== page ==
NIMHD Researchers Gain New Insights into Smoking Beliefs of Minority Youth

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The researchers' findings could aid in designing tailored interventions to reduce disparities in tobacco susceptibility among youth of some races and ethnicities.

Tobacco use remains the leading cause of preventable disease and death in the United States, causing nearly 480,000 premature deaths each year. Although it has been declining in the country as a whole, mainly because of population-based interventions, cigarette smoking remains disproportionately high among people of certain races and ethnicities.

NIMHD intramural researchers Sherine M. El-Toukhy, Ph.D., and Kelvin Choi, Ph.D., M.P.H., analyzed data from a national survey of middle and high school students to learn more about factors leading to disparities in smoking prevalence. "We know there is disparity in adults' tobacco use by race/ethnicity and by socioeconomic status," said Dr. El-Toukhy. "But the majority of smokers start as teenagers. That's why we focused on young people in this study."

The researchers investigated smoking-related beliefs and susceptibility—known precursors to starting smoking. The study, published in the Journal of Adolescent Health, was based on an analysis of data collected in 2012 from 21,931 nonsmoking youths. The National Youth Tobacco Survey, conducted by the Centers for Disease Control and Prevention, collects data from students in grades 6 through 12 about their tobacco-related beliefs, attitudes, behaviors, and exposure to pro- and anti-tobacco influences.

By limiting the analysis to youth who never used cigarettes, the researchers were able to assess factors that might increase the likelihood that the young people would start smoking. "We wanted to learn about youths' beliefs about smoking in order to get a better sense of how to intervene early," said Dr. Choi.

Among the study's key findings were the following:

  • Compared with non-Hispanic whites, racial/ethnic minority youth were more likely to endorse pro-smoking beliefs and to start smoking.
  • Non-Hispanic blacks, non-Hispanic Asians, and Hispanics embraced perceived social benefits of smoking.
  • Hispanic and Asian youth were more likely to think that smoking made someone "look cool."
  • All racial/ethnic minority youth except Native Americans thought that smokers had more friends.
  • Hispanic and Native American youth were more likely to be exposed to tobacco promotions, such as direct mail advertising, etc.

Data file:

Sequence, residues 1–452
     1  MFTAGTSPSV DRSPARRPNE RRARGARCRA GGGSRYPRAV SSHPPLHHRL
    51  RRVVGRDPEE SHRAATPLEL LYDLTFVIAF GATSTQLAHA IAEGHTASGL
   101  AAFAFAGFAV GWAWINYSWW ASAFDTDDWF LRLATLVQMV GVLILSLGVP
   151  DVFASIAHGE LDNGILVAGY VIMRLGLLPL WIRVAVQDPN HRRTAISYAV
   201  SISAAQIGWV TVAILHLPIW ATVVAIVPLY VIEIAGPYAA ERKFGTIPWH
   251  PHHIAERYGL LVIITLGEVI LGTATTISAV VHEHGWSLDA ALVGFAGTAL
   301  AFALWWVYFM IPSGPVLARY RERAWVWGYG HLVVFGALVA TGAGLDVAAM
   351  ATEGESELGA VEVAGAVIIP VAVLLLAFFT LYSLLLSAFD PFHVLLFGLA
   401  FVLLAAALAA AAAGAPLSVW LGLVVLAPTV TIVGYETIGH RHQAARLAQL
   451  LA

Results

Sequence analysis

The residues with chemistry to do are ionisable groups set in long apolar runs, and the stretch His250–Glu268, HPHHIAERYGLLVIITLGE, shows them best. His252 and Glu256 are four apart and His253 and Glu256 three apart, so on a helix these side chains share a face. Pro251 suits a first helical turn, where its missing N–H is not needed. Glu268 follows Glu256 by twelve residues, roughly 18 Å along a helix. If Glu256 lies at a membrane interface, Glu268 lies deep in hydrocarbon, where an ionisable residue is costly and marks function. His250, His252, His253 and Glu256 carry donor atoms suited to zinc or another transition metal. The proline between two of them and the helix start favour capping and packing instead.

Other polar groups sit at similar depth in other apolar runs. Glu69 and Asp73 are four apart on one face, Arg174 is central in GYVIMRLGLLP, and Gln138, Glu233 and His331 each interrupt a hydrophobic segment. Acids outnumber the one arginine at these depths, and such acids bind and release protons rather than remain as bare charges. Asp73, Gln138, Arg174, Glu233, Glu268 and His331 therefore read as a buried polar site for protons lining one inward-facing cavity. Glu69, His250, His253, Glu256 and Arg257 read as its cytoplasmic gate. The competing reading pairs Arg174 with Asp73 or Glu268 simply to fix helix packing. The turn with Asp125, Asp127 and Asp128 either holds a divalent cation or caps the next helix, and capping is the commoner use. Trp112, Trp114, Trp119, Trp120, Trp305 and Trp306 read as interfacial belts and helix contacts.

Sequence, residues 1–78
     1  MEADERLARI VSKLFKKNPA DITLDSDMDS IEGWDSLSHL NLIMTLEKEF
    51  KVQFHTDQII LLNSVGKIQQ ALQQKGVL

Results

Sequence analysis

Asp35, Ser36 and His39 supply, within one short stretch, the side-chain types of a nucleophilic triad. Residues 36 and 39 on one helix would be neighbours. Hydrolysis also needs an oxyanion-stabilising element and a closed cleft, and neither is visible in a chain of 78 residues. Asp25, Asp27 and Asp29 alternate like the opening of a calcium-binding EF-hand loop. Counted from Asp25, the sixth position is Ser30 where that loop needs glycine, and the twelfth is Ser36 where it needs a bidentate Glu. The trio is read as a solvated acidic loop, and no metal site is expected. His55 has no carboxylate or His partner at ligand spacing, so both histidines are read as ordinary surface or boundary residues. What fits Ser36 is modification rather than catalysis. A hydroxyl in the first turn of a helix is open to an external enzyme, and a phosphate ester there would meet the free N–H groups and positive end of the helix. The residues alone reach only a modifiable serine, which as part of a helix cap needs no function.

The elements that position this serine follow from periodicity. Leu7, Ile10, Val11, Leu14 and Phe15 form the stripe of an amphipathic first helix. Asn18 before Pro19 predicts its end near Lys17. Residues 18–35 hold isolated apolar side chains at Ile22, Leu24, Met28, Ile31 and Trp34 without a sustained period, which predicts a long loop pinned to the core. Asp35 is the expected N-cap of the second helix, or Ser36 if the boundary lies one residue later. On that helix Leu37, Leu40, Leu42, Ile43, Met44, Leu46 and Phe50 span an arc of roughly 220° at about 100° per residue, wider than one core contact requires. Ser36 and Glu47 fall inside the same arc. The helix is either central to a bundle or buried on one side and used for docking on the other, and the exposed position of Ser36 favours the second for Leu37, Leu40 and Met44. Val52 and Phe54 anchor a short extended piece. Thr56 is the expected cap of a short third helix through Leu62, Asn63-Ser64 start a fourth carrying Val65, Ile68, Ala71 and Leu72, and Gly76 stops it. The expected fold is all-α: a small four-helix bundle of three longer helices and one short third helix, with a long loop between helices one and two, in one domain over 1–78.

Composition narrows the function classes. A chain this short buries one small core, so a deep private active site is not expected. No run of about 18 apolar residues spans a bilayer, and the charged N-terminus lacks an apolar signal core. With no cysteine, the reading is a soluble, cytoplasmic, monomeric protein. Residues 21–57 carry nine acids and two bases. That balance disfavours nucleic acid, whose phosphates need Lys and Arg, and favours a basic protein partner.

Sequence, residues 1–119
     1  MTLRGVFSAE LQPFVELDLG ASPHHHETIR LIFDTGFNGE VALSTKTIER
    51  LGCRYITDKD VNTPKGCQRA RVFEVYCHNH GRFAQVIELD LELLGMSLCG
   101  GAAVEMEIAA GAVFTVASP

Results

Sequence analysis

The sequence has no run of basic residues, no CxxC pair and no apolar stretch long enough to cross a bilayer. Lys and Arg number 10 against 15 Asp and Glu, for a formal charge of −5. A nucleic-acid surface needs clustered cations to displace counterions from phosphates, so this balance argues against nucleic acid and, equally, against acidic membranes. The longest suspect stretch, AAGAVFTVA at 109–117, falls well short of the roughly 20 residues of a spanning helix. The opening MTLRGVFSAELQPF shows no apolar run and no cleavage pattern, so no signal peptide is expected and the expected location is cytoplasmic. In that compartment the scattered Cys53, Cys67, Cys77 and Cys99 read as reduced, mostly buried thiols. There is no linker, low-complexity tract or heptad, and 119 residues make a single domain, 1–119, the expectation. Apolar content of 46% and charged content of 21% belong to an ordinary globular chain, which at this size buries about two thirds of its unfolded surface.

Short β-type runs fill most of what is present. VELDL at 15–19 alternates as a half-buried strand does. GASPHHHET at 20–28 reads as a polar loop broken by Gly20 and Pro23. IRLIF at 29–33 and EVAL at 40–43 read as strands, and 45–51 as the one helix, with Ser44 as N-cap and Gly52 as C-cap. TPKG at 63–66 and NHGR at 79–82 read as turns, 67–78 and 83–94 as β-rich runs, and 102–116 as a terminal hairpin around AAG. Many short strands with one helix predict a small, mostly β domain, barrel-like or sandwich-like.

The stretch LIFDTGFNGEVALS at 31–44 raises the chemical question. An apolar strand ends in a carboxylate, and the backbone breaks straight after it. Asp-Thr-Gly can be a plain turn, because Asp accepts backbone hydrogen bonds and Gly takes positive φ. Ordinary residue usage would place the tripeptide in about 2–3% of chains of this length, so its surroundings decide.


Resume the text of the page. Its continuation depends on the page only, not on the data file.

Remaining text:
• Non-Hispanic blacks received less parental guidance about avoiding tobacco use.
  • All racial/ethnic minority youth except Asians were more likely to think that many of their peers smoked.
  • Hispanic youth had lower perceptions of tobacco-related risks and were more susceptible to smoking than youth of other races and ethnicities.

Although most of the findings were in line with what the researchers had expected, some of the study results surprised the authors. For example, as Dr. El-Toukhy explained, "Even after we controlled for various factors known to be associated with susceptibility to smoking—including advertising, parental guidance, perceptions of prevalence among peers, and smoking by others in the household—Hispanic youth were still more susceptible to smoking initiation." This was particularly surprising, given that Hispanic youth were more likely than their peers of other races/ethnicities to receive parental guidance discouraging them from using tobacco.

What, then, might explain the greater susceptibility of Hispanic youth to initiate smoking? Dr. Choi said that other factors, such as discrimination or living in neighborhoods with higher density of smoking, could be affecting Hispanic youth's susceptibility to tobacco use. "Smoking may be a strategy of self-medication to handle the stress of discrimination and other situations," he said.

This new knowledge about disparities among American youth could be used to develop or refine antismoking programs. "Clearly we know that some population-level interventions work when it comes to reducing smoking," Dr. Choi said. "But media campaigns, for example, do not always work. Some groups are left behind. For Hispanic youth in particular, this study suggests that campaigns to highlight the dangers of tobacco might help to counteract their susceptibility to smoking. By understanding the factors that underlie disparities, we can develop interventions to reduce and eliminate those disparities."

Sherine El-Toukhy, Ph.D., is a postdoctoral fellow working with epidemiologist Kelvin Choi, Ph.D., M.P.H., in NIMHD's Division of Intramural Research. Dr. Choi's group conducts research on tobacco use disparities, tobacco marketing, and counter-marketing, using qualitative, quantitative, observational, and experimental methodologies.

El-Toukhy, Sherine, Choi, Kelvin. "Smoking-Related Beliefs and Susceptibility Among United States Youth Nonsmokers." Journal of Adolescent Health. 2015 Aug 11. pii:S1054-139X(15)00261-X. doi: 10.1016/j.jadohealth.2015.06.016. [Epub ahead of print] PubMed PMID: 26271160.

U.S. Department of Health and Human Services. The Health Consequences of Smoking—50 Years of Progress: A Report of the Surgeon General. Atlanta, GA: U.S. Department of Health and Human Services; 2014. Available at http://www.surgeongeneral.gov/library/reports/50-years-of-progress/fullreport.pdf http://www.cdc.gov/Other/disclaimer.html. Jamal, A., Agaku, I.T., O'Connor, E., King, B.A., Kenemer, J.B., Neff, L. "Current Cigarette Smoking Among Adults—United States, 2005-2013." MMWR. 2014;63(47):1108-12.